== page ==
Social participation, social engagement and social connectedness
Social participation declines with age (Ziegler, 2012) Facilities and Settings Gatherings in variety of community locations
Recreation centres, schools, libraries
Accessible and equipped to enable participation
Stimulating and active options
Vibrant, safe programming in daytime
Training programs geared to focus on specific needs of seniors How does this relate to social participation? “Active ageing applies to both individuals and population groups. It allows people to realize their potential for physical, social, and mental well being throughout the life course and to participate in society according to their needs, desires and capacities, while providing them with adequate protection, security and care when they require assistance. The word “active” refers to continuing participation in social, economic, cultural, spiritual and civic affairs, not just the ability to be physically active or to participate in the labour force”. Active ageing is the process of optimizing opportunities for health, participation and security in order to enhance quality of life as people age. Physical inclusion of seniors - essential
Ability to pay - also very important matter
Programs and facilities must allow participation to all members of community
Holding events in public places
Libraries, parks, community centers Promotion of Awareness of Activities There needs to be promotion of awareness of acitivities offered in places where seniors access the most:
- Long Term Care Homes
- Doctors Offices
Promotion through family members of the elderly:
- Awareness in schools and in the classroom
- Social Media
- Seminars Social Barriers Affordability
Lack of activities
Lack of life-long learning opportunities (HCoA, 2010) (HCoA, 2010) Communication Barriers Access to information
Automated phone services
Hearing (HCoA, 2010) (HCoA, 2010)
Informal caregiver support
Volunteer based outreach programs
Social support benefits Future Research Areas: Increase Awareness and Funding for: Addressing Isolation (CoA Hamilton, 2010 and Minichiello, 2000) (Minichiello, 2000) (WHO, 2002) References Children's, women's and seniors health branch. (2004). Social isolation among seniors:an emerging issue. British Columbia Ministry of Health. 1-46.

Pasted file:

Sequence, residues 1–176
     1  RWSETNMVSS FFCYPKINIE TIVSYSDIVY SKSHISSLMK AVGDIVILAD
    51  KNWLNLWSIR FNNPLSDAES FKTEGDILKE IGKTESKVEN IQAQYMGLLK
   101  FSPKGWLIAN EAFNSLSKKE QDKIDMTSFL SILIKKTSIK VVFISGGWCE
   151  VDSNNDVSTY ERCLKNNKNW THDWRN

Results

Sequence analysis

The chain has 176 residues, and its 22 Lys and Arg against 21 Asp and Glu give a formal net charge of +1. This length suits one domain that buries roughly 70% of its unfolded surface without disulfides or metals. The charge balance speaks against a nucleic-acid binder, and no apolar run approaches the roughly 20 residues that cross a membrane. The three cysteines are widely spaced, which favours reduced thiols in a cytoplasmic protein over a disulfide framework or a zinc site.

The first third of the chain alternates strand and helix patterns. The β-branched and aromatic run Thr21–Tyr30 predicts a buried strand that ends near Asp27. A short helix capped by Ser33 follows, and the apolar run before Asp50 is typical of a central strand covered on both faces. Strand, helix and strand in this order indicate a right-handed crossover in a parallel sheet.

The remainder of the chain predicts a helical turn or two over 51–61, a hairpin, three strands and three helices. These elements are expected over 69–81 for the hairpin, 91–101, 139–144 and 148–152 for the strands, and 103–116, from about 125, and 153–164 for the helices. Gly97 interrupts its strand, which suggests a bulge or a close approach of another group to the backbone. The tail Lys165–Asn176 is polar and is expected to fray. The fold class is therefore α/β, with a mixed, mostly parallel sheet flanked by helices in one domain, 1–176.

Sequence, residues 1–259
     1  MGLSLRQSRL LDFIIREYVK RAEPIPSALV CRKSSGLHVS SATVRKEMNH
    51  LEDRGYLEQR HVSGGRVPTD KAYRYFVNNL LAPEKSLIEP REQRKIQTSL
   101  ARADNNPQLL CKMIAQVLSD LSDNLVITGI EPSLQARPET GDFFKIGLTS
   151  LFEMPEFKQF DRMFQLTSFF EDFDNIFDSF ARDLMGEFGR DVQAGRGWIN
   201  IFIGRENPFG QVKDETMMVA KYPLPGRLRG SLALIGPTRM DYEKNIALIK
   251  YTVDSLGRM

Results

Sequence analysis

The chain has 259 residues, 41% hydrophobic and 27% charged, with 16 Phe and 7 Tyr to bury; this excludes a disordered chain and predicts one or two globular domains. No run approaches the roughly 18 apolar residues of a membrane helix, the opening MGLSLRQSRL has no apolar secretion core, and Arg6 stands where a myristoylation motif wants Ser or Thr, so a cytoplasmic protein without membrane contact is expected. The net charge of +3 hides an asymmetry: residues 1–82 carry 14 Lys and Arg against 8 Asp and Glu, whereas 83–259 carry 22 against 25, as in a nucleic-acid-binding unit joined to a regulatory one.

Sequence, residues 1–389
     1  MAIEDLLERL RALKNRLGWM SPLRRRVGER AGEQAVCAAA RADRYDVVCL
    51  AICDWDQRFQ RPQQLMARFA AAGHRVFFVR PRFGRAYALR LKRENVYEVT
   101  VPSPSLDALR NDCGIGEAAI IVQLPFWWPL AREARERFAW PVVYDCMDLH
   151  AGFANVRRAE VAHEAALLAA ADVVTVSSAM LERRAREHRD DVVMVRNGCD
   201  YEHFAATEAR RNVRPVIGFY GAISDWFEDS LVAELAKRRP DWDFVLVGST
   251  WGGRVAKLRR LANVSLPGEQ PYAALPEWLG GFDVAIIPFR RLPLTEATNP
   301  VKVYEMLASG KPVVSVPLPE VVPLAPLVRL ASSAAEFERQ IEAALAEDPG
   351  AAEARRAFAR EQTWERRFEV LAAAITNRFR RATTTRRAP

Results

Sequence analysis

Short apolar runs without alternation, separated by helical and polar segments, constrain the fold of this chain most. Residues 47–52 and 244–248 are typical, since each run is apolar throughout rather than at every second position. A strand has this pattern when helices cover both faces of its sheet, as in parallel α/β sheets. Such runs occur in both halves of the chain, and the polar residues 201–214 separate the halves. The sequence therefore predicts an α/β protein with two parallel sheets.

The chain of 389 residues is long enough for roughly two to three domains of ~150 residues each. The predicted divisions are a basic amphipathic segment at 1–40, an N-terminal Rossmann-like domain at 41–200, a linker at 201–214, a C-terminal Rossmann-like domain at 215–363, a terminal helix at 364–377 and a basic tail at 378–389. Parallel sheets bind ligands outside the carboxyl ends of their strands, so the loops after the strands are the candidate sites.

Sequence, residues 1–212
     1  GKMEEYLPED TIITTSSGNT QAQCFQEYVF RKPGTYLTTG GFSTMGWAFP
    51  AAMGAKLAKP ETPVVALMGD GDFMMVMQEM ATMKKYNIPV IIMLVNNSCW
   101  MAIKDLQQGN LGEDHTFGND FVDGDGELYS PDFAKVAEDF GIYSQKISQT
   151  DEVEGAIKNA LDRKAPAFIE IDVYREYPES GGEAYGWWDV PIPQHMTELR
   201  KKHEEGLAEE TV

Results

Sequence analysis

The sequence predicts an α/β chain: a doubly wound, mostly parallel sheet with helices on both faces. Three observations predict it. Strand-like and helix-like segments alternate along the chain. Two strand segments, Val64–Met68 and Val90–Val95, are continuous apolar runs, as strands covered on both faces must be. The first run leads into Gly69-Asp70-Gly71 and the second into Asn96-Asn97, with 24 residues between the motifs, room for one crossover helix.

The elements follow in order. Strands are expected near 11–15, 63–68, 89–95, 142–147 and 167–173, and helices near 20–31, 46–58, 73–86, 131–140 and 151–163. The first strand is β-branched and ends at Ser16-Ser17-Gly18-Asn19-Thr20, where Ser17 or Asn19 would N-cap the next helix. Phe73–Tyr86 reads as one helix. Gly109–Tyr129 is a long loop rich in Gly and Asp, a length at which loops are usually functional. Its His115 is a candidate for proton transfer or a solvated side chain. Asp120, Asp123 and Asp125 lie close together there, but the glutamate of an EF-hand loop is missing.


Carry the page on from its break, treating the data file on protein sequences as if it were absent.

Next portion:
Hamilton council on aging. (2010). Hamilton: A city for all ages. Ontario Trillium foundation. 1-27.
Minichiello, V., Browne, J., Kendig, H. (2000). Perceptions and consequences of ageism: Views of older people. Ageing and Society, 20, 253-278.
National Seniors Council (2011). Report of the National Seniors Council on volunteering among seniors and positive and active aging.
Statistics Canada (2012) Social participation and the health and well-being of Canadian seniors.
Torjman, S & Makhoul, A (2011). Social inclusion in the City of Hamilton. Caledon Institute of Social Policy.
World Health Organization (WHO). (2002). Active ageing: A policy framework. Geneva, Switzerland. 33-58.
Ziegler, F. (2012). "You have to engage with life, or life will go away": An intersectional life course analysis of older women's social participation in a disadvantaged urban area. Geoform, 43 (6), 1296-1305. doi: 10.1016/j.geoforum.2012.03.013. (Stats CAN, 2012) (Torjman & Makhoul, 2011) (National Seniors Council, 2011) Matching Game:
Barriers Match the barriers with each of the examples in your groups In Conclusion... Social participation is essential for maintaining good health and well-being through the life course.
Through addressing isolation in a proactive manner, as well as fostering community integration among the experienced and aged population, society would be one step closer to achieving a seamless age-friendly city. ACTIVE SENIOR FITNESS CENTER Ethno-Cultural Community Centre Library City Center (WHO, 2002) (WHO, 2002) (WHO, 2002) (WHO, 2002) (WHO, 2002) (WHO, 2002) (WHO, 2002) (WHO, 2002) (HCoA, 2010) (HCoA, 2010) To appeal to diverse population of older people
Encourage participation of people of different ages and cultural backgrounds